I have a problem people over-romanticizing the lives of people that just died. There are many many examples to quote, the latest one being Pandit Ravishankar. The Hindu alone published not less than 10 articles by different people — saying different things ranging from “doomsday is here” to “Mayan calendar or not — the world has ended” to “there will never be another sitarist to fill his void” to many other things — that at best make me chuckle.
It all started when I was in 9th grade in school and a school mate of mine, must have within 1 year of my batch, died by drowning. Honestly, I never heard of this guy before the news of his death made it big. What I did hear after the death is that he is an average student and even conduct-wise, he was not the teacher’s most favorite student. His death alone — a sorry event to be sure — made him popular than he ever would have been in life. Teachers were praying, talking about him in praise and what have you — I developed an attitude to double-filter eulogies and post-life praise-talking.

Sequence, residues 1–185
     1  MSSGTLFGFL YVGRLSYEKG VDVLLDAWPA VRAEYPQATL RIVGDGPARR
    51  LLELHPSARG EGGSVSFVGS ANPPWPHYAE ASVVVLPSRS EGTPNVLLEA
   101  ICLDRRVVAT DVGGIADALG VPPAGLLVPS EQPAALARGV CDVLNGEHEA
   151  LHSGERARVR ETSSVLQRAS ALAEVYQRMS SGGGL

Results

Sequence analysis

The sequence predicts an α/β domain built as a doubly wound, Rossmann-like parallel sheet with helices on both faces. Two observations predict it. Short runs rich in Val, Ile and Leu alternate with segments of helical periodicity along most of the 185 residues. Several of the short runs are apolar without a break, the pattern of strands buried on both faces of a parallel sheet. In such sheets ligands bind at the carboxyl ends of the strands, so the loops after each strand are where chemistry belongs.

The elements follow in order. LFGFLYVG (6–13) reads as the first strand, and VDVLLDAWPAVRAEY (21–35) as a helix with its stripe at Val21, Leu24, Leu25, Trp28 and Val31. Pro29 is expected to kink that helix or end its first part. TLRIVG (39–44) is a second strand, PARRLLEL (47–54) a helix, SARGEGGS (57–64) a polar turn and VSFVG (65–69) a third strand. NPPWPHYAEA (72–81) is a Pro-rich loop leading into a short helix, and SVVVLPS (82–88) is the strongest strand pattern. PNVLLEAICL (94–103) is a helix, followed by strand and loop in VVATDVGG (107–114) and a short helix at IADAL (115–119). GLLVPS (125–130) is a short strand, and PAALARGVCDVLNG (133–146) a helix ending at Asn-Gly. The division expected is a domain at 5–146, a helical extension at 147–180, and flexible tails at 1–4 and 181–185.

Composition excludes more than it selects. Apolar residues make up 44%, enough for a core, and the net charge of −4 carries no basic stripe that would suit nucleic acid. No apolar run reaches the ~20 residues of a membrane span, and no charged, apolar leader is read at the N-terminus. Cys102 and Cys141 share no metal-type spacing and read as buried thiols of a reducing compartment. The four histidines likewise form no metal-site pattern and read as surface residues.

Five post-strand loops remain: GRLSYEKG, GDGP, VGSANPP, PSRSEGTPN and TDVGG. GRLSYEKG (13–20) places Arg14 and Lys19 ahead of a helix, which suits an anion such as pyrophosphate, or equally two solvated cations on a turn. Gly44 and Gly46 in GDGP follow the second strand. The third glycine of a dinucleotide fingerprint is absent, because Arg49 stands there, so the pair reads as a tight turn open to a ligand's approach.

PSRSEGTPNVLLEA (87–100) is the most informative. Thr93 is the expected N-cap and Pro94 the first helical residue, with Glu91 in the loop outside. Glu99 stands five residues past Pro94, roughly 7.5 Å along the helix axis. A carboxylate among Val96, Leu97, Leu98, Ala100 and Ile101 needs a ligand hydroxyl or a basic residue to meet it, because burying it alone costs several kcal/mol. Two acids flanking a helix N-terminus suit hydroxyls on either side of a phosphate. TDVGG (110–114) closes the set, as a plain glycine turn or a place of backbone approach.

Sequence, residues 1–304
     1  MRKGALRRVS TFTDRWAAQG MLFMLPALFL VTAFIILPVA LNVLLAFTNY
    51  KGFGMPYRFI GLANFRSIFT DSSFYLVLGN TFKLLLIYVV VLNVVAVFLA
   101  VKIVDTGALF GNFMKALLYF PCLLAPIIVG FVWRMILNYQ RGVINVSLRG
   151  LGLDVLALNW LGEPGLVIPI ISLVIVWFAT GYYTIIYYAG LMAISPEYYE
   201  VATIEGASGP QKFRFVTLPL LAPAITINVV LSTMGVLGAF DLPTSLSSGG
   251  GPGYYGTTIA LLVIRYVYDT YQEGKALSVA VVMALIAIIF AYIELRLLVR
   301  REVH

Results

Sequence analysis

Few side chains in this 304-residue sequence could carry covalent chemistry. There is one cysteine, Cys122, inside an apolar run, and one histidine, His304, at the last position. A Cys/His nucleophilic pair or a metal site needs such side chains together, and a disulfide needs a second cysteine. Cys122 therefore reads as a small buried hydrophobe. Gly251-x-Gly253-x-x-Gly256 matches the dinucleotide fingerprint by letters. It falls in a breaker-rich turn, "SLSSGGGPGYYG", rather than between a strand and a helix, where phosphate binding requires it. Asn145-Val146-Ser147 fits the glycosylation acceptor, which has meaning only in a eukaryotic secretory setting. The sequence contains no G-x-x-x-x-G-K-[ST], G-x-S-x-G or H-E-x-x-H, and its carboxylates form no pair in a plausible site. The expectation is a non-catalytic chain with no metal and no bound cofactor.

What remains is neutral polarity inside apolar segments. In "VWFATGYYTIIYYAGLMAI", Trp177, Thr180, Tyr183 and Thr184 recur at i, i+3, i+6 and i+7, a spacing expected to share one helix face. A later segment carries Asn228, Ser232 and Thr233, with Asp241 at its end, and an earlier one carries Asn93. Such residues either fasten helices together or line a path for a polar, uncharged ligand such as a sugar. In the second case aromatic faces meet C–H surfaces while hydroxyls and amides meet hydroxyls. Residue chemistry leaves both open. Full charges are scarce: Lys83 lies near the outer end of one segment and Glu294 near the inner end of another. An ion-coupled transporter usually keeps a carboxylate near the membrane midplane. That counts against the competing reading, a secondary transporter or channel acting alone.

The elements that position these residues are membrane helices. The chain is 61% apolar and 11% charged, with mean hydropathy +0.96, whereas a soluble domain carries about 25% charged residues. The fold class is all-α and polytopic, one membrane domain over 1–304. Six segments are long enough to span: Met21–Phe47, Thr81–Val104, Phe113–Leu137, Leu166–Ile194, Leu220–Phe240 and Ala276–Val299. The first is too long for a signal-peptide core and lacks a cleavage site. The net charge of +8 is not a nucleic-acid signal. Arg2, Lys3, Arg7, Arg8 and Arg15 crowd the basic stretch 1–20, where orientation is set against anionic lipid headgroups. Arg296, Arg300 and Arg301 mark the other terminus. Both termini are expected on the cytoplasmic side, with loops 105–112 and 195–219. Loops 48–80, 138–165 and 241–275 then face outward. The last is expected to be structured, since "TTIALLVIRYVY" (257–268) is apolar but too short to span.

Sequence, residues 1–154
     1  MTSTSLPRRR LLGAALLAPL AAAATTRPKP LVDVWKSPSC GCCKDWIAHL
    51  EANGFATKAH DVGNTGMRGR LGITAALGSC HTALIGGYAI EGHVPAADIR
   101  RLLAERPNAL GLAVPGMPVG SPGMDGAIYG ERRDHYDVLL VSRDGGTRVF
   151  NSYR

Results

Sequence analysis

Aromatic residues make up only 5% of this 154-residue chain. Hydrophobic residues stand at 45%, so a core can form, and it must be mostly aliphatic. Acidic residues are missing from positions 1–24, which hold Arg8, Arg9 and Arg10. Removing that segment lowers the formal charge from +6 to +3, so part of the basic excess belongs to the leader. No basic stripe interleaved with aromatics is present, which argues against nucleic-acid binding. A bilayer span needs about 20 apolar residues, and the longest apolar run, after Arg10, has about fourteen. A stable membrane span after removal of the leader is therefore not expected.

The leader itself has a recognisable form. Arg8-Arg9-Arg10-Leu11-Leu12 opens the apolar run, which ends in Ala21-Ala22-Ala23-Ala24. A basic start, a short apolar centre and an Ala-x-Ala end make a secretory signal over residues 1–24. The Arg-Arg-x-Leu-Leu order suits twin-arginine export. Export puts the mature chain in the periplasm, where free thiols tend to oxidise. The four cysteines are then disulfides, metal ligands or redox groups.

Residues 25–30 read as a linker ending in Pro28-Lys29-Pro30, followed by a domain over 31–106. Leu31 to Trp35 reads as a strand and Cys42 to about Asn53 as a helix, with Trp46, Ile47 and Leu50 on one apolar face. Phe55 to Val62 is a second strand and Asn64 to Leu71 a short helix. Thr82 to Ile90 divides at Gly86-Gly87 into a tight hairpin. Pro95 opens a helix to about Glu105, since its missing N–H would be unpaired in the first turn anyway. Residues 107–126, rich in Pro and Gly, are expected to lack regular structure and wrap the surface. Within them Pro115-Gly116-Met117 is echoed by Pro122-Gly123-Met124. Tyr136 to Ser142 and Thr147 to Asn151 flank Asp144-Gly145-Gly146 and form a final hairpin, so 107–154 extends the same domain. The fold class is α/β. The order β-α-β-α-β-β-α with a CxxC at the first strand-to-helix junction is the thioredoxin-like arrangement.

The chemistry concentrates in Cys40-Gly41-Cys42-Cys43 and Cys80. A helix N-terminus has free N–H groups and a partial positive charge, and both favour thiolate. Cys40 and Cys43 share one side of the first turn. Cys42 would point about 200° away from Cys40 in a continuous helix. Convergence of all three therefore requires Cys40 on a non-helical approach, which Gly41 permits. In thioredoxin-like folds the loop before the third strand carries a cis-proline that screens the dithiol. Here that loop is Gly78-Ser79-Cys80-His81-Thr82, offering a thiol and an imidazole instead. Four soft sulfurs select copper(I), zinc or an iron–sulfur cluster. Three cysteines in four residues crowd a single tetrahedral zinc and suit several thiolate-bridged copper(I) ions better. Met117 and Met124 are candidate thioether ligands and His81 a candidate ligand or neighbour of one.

But regardless of this incident, why do we have to over-romanticize? To everyone that wrote those articles in media, my question is — when is the last time you heard Ravishankar? To everyone that claims that the sitar has permanently lost a string — do you know how many strings there are to a sitar? Superficial eulogies irritate me. If the superlatives are personal, I can admit it. But in all other cases, I would much rather be content with an eulogy that goes “I have heard there is someone called Ravishankar and he plays the sitar. I am sorry he died”. Or not even that. I am okay with it.
One guy says on The Hindu, “Ravishankar’s name was heard everywhere — saloons, pan shops and railway stations”. Jeez…he is delusional.